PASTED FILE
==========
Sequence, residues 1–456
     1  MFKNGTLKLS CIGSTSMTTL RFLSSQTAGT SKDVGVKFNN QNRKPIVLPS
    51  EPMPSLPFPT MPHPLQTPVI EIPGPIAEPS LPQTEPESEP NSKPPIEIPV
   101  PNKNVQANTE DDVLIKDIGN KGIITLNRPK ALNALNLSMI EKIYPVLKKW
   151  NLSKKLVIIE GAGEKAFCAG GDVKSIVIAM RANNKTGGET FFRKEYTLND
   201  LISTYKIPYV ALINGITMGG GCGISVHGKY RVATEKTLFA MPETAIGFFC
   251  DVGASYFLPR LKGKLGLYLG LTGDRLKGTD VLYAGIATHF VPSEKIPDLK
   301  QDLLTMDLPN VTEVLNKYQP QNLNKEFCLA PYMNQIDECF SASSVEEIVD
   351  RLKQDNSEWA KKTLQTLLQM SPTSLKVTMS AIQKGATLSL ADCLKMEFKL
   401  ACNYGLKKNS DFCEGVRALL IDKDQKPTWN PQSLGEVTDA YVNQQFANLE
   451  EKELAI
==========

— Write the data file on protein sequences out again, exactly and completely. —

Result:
Sequence, residues 1–456
     1  MFKNGTLKLS CIGSTSMTTL RFLSSQTAGT SKDVGVKFNN QNRKPIVLPS
    51  EPMPSLPFPT MPHPLQTPVI EIPGPIAEPS LPQTEPESEP NSKPPIEIPV
   101  PNKNVQANTE DDVLIKDIGN KGIITLNRPK ALNALNLSMI EKIYPVLKKW
   151  NLSKKLVIIE GAGEKAFCAG GDVKSIVIAM RANNKTGGET FFRKEYTLND
   201  LISTYKIPYV ALINGITMGG GCGISVHGKY RVATEKTLFA MPETAIGFFC
   251  DVGASYFLPR LKGKLGLYLG LTGDRLKGTD VLYAGIATHF VPSEKIPDLK
   301  QDLLTMDLPN VTEVLNKYQP QNLNKEFCLA PYMNQIDECF SASSVEEIVD
   351  RLKQDNSEWA KKTLQTLLQM SPTSLKVTMS AIQKGATLSL ADCLKMEFKL
   401  ACNYGLKKNS DFCEGVRALL IDKDQKPTWN PQSLGEVTDA YVNQQFANLE
   451  EKELAI